How to run the RHESSys end-to-end workflows and create a Sciunit Container
This Readme file provides the users with the step-by-step guide to successfully run the two developed notebooks.
The steps, in the order they need to be taken, are explained in what follows.
STEP 0: Preliminary step
In this step the researchers make sure that they have access to the content files of the resource and required compute platform.
- In order to be able to run the two Jupyter notebooks, researchers need to first have a HydroShare account.
- If the researchers do not have access to CyberGIS-Jupyter for Water (CJW), they need to submit an access request to the CyberGIS-Jupyter for Water platform.
STEP 1: Execute 'YD_01_An_Approach_for_Creating_Immutable_and_Interoperable_End_to_End_Hydrological_Modeling_Computational_Workflows.ipynb' using CJW
- To run this notebook:
- Click the OpenWith button in the upper-right corner of this HydroShare resource webpage;
- Select "CyberGIS-Jupyter for Water";
- Open the notebook and follow instructions;
In this notebook, users first run RHESSys end-to-end modeling workflows to make sure this workflows are working properly. Then, they create a Sciunit Container to encapsulate 1) data, 2) computational environments, and 3) modeling workflows. After that, users can create MyBinder configuration files using Sciunit. Finally, users create two HydroShare resources, each for one case study, to evaluate reproducibility. These two HydroShare resources will be used to create MyBinder computational environment for case study 1 (step 2) and case study 2 (step 3).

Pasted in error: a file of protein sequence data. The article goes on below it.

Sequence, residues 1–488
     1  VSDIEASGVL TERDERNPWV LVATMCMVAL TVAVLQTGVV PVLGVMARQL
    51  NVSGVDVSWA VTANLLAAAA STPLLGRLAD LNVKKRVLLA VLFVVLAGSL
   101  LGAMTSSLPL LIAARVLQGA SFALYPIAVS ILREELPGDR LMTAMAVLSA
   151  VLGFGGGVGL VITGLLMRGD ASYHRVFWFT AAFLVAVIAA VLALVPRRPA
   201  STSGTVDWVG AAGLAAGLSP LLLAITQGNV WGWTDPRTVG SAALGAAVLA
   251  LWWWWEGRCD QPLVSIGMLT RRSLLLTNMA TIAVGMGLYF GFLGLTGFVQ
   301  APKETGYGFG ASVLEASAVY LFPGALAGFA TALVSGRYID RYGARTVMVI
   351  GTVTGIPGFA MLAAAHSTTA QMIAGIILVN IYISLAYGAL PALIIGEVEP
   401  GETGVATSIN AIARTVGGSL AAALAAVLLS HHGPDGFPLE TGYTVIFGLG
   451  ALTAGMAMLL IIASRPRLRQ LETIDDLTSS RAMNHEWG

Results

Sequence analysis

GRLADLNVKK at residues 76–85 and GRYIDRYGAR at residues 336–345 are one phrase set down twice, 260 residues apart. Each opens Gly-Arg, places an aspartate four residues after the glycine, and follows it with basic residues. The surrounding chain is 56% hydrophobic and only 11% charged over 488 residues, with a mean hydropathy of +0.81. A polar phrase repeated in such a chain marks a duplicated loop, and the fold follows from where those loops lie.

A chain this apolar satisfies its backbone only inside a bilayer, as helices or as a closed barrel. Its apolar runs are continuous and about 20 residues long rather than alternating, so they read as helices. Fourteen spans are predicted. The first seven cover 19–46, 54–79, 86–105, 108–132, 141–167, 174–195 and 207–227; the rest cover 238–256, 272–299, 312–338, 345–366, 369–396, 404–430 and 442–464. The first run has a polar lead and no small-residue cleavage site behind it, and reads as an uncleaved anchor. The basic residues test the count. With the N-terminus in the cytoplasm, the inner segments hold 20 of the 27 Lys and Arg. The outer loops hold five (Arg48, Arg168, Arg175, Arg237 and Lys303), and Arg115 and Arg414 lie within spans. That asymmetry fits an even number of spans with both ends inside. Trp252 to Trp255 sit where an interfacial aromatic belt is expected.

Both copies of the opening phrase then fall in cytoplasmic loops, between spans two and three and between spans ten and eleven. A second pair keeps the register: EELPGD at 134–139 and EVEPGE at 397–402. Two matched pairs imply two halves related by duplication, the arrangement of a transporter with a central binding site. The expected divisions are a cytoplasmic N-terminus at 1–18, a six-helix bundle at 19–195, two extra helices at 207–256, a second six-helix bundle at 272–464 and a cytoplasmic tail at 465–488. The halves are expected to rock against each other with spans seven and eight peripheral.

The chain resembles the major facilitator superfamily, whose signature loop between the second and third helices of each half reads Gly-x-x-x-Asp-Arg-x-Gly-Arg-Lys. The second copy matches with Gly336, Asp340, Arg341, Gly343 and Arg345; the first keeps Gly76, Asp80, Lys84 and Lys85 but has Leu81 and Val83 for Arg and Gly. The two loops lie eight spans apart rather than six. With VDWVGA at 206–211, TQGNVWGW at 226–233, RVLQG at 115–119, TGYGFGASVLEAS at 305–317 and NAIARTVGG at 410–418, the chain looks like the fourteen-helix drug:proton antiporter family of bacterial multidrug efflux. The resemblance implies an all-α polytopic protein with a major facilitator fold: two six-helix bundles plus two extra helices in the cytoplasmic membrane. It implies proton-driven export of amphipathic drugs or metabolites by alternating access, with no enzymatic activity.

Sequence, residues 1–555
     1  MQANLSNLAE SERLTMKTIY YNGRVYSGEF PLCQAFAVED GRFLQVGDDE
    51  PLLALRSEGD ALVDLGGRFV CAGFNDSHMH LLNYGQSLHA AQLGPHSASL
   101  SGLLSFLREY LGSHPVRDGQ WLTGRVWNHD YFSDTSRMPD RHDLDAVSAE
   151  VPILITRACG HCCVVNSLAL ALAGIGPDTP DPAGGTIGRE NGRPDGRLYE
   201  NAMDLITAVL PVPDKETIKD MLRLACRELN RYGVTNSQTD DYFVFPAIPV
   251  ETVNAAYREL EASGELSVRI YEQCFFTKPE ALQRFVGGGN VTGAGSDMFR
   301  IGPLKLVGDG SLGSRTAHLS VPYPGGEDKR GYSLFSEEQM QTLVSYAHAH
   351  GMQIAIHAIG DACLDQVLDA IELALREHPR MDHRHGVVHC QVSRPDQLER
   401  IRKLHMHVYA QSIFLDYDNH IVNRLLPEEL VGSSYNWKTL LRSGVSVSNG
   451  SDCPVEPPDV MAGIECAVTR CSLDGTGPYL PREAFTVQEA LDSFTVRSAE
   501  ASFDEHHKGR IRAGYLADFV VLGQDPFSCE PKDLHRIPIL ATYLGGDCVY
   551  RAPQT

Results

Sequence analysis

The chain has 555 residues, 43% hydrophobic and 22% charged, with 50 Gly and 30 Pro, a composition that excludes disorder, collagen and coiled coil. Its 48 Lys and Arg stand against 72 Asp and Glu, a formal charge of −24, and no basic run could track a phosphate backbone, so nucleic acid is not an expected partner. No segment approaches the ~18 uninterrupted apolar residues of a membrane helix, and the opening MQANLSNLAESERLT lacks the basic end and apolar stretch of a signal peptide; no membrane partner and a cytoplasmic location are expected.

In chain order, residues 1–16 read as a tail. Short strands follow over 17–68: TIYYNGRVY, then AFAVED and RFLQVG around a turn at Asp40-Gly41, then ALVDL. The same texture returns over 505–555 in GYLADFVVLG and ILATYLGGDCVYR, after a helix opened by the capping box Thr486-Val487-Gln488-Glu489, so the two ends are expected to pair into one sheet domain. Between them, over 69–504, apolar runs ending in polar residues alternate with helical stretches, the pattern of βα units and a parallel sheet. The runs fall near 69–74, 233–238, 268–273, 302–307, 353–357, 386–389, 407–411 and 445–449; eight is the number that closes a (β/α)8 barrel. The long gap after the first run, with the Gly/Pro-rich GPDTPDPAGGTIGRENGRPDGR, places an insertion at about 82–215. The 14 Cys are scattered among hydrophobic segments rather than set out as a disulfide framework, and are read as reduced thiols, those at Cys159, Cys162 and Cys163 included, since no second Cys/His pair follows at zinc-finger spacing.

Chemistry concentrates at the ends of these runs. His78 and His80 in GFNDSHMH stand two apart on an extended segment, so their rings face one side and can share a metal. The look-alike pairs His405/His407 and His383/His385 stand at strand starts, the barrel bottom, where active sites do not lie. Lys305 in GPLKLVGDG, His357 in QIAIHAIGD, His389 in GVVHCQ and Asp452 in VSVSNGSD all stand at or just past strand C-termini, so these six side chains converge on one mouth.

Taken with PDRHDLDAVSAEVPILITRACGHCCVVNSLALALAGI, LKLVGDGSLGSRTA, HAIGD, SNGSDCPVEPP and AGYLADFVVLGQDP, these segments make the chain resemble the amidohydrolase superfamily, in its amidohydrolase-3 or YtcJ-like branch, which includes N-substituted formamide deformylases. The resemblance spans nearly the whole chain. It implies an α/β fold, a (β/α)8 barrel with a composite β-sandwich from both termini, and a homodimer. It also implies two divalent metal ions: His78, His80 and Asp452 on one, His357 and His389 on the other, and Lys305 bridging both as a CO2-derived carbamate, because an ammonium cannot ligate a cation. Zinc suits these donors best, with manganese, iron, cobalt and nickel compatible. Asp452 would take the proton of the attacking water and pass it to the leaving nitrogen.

STEP 2: Create and Run MyBinder Computational Environment for the Case Study-1 using the HydroShare Resource Created for It
In this step, users run the second notebook,
YD_02_An_Approach_for_Creating_Immutable_and_Interoperable_End_to_End_Hydrological_Modeling_Computational_Workflows.ipynb, using MyBinder computational environment to evaluate reproducibility in the immutable Sciunit container.
STEP 3: Create and Run MyBinder Computational Environment for the Case Study-2 using the HydroShare Resource Created for It
In this step, users run the third notebook,
YD_03_An_Approach_for_Creating_Immutable_and_Interoperable_End_to_End_Hydrological_Modeling_Computational_Workflows.ipynb, using MyBinder computational environment to evaluate reproducibility in the interoperable computational environments like CyberGIS-Jupyter for Water for extendable computational research.
Note, the third notebook is the same as the first notebook, but with the Sciunit process being removed only to simplify the workflows and reduce the runtime.
|The content of this resource is derived from||http://www.hydroshare.org/resource/d2a469fe56714715bad849a5dfc380bc|
This resource was created using funding from the following sources:
|Agency Name||Award Title||Award Number|
|National Science Foundation||EarthCube Data Capabilities: Collaborative Research: Integration of Reproducibility into Community CyberInfrastructure||ICER-1928369, ICER-1928315|
How to Cite
This resource is shared under the Creative Commons Attribution CC BY.http://creativecommons.org/licenses/by/4.0/